It is not only what the drink is served with so much as it is how it is served. While water and ice are normally added, ice should never be added first. Ice causes a film to produce on the top of the liquid that is seen as unpleasing, so adding water first turns the drink a milky color and inhibits the effects of ice alone. Using multiple glasses when drinking arak is also common, due to the effects of mixing with water and ice. Middle Eastern restaurants will usually provide several glasses for their customers when serving arak.

What makes Lebanese Arak special?

Massaya Clay Jars

Massaya Clay Jars

A proper arak, has only two ingredients, grapes and the native aniseed of the Mediterranean. It is drunk not before or after meals, but with them. Because it clears the palate more efficiently than wine, it makes the perfect accompaniment to a Middle Eastern mezze.

Arak is not just Lebanon's national drink, for many it is a passion, to the point that the most consumed in the country is not factory-produced, but home-distilled where it’s typical to distill a third and even a fourth, topping it up with water each time before bringing it down to 53 degrees of alcohol. The crystal clear liquid is then matured in clay jars for at least a year. The large jars, which look just like Roman amphora, are slightly absorbent.

Understandably, those not familiar with arak tend to assume it is much like Pastis, Ouzo or Raki. But connoisseurs find little resemblance, beyond the fact that both are strong, taste of anise and cloud mysteriously when water is added. Pastis is sugared, and flavored with a range of herbs. Its base alcohol is of the cheap variety, typically distilled from sugar beet. It is drunk, copiously, as an afternoon aperitif. Greek ouzo, and its stronger cousins tsikoudia and tsipouro, sometimes elaborated with mastic and other herbs. Raki is traditionally produced by twice distilling grape pomace - the solid remains of grapes, olives, or other fruit after pressing for juice mixed with ethanol.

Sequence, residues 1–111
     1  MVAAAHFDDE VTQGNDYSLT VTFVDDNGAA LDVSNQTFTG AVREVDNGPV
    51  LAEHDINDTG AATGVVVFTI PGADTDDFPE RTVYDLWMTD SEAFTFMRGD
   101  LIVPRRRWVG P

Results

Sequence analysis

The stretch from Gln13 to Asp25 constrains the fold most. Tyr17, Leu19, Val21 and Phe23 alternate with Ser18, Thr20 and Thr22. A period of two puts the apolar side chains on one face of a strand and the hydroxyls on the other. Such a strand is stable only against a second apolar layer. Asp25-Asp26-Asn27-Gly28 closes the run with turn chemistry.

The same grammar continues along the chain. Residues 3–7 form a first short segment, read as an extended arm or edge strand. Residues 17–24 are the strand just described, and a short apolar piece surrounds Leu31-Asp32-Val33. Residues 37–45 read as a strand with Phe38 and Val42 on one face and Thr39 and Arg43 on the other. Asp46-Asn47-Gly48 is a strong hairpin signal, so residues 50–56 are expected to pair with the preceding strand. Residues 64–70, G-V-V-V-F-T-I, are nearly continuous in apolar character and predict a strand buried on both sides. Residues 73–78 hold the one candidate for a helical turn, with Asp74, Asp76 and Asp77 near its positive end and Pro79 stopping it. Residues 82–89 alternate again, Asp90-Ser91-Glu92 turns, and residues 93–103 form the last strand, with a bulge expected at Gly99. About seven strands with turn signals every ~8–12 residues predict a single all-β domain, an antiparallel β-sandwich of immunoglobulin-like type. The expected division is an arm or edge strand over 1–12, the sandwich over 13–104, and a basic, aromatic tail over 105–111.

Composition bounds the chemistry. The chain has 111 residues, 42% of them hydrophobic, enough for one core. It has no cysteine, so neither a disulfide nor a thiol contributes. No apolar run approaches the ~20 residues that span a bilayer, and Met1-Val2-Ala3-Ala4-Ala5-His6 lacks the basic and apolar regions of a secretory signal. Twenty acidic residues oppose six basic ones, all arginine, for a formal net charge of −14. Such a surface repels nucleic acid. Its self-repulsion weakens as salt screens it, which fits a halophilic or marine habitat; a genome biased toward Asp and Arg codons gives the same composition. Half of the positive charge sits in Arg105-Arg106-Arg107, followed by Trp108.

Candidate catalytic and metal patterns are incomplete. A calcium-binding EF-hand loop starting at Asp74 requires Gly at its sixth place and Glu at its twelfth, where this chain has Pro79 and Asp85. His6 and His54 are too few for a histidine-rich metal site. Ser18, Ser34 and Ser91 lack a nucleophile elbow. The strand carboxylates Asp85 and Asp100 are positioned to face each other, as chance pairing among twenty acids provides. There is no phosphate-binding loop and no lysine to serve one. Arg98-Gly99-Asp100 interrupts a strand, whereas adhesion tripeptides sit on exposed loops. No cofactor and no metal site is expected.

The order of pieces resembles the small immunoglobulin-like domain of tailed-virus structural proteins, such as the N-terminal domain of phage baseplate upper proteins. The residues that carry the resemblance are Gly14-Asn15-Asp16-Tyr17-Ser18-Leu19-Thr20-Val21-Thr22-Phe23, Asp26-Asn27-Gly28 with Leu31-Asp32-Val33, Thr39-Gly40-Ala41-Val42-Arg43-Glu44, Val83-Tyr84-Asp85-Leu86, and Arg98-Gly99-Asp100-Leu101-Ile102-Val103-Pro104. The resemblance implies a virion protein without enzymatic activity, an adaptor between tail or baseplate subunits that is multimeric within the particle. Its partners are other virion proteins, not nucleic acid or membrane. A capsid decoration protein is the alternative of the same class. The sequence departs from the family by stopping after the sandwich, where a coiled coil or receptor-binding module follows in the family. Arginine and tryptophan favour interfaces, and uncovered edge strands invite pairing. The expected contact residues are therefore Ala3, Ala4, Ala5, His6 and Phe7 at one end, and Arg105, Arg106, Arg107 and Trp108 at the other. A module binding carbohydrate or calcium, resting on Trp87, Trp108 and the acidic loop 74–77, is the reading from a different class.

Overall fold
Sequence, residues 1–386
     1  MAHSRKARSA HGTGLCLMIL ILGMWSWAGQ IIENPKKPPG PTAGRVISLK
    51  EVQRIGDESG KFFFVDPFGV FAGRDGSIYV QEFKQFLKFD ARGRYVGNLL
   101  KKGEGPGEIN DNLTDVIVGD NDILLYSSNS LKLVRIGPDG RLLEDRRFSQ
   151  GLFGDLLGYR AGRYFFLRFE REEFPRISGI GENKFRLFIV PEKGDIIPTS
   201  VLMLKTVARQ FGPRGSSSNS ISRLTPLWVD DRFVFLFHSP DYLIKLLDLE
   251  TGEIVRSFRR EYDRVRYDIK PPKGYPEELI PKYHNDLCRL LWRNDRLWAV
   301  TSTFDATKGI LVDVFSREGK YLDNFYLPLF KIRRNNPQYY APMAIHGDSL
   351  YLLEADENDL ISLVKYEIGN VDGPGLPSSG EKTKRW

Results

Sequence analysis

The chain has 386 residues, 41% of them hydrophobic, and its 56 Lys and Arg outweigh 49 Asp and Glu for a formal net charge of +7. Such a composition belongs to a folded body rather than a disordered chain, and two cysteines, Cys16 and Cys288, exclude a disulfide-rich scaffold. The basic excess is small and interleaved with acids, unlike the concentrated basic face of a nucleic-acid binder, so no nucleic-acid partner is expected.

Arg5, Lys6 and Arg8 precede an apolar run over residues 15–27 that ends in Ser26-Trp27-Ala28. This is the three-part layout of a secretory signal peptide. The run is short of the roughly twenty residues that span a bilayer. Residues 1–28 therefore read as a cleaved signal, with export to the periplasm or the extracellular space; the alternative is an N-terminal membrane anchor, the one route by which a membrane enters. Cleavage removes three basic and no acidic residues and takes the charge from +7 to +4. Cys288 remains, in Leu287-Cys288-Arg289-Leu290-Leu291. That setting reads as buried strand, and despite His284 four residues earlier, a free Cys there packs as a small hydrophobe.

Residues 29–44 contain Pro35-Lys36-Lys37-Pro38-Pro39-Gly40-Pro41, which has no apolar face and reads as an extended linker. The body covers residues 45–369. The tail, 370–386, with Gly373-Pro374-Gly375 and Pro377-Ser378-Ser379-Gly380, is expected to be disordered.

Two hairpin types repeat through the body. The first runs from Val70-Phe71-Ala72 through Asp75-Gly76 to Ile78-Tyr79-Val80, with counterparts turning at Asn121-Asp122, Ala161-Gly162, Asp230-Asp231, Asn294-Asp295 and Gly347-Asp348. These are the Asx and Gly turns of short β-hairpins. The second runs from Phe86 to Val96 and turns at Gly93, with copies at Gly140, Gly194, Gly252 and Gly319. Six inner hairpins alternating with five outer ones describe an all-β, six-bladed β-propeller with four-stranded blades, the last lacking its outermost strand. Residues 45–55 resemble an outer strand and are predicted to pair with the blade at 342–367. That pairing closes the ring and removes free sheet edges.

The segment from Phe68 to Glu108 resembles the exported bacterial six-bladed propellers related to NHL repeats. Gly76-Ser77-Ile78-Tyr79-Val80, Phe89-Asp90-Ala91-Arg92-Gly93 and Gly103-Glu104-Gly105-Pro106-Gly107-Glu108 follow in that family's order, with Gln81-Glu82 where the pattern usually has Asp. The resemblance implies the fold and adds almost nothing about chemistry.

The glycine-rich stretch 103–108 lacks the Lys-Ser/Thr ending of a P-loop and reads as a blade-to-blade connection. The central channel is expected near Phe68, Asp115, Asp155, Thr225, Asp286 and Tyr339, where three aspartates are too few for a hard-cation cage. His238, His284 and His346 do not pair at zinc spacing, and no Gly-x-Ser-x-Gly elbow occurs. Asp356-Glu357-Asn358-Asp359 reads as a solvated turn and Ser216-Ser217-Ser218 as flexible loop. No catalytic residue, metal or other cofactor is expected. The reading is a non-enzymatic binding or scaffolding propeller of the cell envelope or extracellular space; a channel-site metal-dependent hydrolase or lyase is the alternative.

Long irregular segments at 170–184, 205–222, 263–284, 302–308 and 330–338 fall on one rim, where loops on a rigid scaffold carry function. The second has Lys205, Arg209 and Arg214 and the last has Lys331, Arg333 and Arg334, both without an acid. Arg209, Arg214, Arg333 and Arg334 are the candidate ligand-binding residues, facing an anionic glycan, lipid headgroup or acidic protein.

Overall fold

New generation

Lebanon's better commercial araks are as expensive as imported spirits. Competition, along with changes in the Lebanese way of life, has certainly cut into sales. (In Greece, similarly, whisky now outsells ouzo.) Yet recent years have seen a return of interest to the national drink. Whereas long-established brands, such as Touma, Ksara and Kefraya, now tout their adherence to traditional making methods, newcomers have added a touch of glamour to the high end of the business such as Massaya and Tourelles.

Fun with it– Cocktails!

Recently the Lebanese nightclubs started ‘having fun’  and mixing it with cocktails! If you are interested, some of the recipes below! We would also love to hear if you have a special recipe, we can add it in here.

With Grapefruit With Tomato Juice With Aloe Vera With Litchi Juice
- 3 cl Arak
- Add a few drops of lavender syrup
- Fill the glass with grapefruit
- Ice
- 4 cl Arak
- Fill the glass with Tomato Juice
- Ice
- 3 cl Arak
- Fill the glass with aloe vera juice
- Add few drops of lime & fresh mint
- Ice
- 3 cl Arak
- Fill the glass with litchi juice
- Ice
Arak Cocktail - Grapejuice

Arak Cocktail - Grapejuice

Arak Cocktail - Tomato Juice

Arak Cocktail - Tomato Juice

Arak Cocktail - aloe vera juice

Arak Cocktail - aloe vera juice

Arak Cocktail - Litchi Juice

Arak Cocktail - Litchi Juice

Attributes.

- http://www.winemosaic.org/en/the-grape-variety-of-the-day-obeidy-from-lebanon/
- Cocktails pictures and Recipes by Emile Majdalani from Chateau Kefraya
- Glass picture by comradavid - originally posted to Flickr as Arak
- Karkeh pictures by toula-lebanon.blogspot
- El Massaya clay jars by www.souar.com
- Mezze Picture - By Unai Guerra - originally posted to Flickr as Metzes, CC BY-SA 2.0, https://commons.wikimedia.orgwindex.phpcurid=3986965
- Aniseed Picture - By David Monniaux (Own work) GFDL https://www.gnu.orgcopyleftfdl.html , CC-BY-SA-3.0 https://creativecommons.orglicensesby-sa3.0